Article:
“Your intuition knows what to write, so get out of the way.” — Ray Bradbury
I hate to always be the one who says “both” to yes/no questions, but writing isn’t an “either/or” process. It’s never “yes” or “no.” Intuition gets you started and maybe gives you the outline of a plot. After that, the real work starts.
All writing of more than a few thousand words needs a story, even non-fiction. You need to know where the tale will take you. Where you are starting physically (the place, street, house, language, etc.) and emotionally. You need at least a sketchy plot and something a backstory. If you don’t know the exact ending, you should at least have a mental snapshot of where you expect to end.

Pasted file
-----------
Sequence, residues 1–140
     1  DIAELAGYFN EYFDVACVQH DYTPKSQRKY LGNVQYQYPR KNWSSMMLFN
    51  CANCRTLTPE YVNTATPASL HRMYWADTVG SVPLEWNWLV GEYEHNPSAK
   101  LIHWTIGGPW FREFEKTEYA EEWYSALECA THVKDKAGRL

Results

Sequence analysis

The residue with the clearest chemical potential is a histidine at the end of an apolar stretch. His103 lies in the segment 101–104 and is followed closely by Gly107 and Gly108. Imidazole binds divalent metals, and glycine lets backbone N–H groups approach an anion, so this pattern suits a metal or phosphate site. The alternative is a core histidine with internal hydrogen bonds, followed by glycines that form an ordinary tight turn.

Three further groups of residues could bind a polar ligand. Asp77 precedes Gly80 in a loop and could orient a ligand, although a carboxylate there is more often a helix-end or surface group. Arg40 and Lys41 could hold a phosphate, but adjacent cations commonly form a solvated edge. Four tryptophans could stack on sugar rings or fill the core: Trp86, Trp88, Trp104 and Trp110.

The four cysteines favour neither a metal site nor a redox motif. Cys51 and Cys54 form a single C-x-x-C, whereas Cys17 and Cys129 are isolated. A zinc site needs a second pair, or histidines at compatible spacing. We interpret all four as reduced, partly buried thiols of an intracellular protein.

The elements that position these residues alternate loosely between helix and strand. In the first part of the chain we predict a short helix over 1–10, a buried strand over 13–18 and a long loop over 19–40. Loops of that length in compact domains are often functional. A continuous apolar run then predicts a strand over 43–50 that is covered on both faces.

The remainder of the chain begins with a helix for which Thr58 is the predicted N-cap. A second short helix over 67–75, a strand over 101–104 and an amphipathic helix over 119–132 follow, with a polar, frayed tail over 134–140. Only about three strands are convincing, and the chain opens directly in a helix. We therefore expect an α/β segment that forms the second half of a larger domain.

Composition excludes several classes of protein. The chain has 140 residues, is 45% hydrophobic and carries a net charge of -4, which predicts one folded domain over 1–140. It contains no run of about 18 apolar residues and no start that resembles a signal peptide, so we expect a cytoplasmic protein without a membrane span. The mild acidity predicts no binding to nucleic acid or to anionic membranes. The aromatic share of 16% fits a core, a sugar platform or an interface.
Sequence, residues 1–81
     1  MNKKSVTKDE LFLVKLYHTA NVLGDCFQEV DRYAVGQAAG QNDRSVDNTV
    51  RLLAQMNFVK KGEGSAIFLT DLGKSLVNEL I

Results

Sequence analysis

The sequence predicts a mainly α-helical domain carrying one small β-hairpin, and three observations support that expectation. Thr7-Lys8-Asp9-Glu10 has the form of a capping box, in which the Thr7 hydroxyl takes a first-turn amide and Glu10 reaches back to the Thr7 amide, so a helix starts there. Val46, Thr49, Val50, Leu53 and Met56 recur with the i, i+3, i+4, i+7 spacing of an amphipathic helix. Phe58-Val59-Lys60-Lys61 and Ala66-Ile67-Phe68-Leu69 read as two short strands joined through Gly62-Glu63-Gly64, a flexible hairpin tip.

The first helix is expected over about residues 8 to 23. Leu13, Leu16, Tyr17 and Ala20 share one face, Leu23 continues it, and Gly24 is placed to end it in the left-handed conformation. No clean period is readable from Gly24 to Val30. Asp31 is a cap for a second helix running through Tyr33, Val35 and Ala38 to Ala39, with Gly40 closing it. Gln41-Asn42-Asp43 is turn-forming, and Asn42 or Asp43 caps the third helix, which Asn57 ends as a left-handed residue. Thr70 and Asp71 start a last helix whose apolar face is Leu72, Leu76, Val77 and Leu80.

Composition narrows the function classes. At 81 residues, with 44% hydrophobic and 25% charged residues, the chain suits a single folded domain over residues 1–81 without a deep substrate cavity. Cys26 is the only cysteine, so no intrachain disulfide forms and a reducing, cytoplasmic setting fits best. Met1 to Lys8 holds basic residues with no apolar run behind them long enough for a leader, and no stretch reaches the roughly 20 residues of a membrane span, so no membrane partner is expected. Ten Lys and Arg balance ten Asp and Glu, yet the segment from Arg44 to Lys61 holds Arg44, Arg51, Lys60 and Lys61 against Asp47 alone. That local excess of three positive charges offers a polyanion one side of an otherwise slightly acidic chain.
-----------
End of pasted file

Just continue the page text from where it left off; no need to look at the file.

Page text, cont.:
If you’re setting a story in a real-world city, you need to do enough research to describe the place. Even if you are setting it in a place that doesn’t exist, you need to do some world-building so it feels real to readers.
Writing is communication. It’s not about you. It’s about your readers and their imagination. It’s drawing your readers into your tale. Writing is communication. Your writing involve readers in your story. Your intuition may tell you to write, but your brain needs to engage too. Every writer I follow who has offered a view of their “process” does a huge amount of planning before they start writing. The concept may be intuitive, but process is work.
Writing — other than short blogs — needs a plot. A beginning, middle, and end. Intuition will get you started, but the rest is determination, patience, editing, re-editing, then doing it again until you get it right.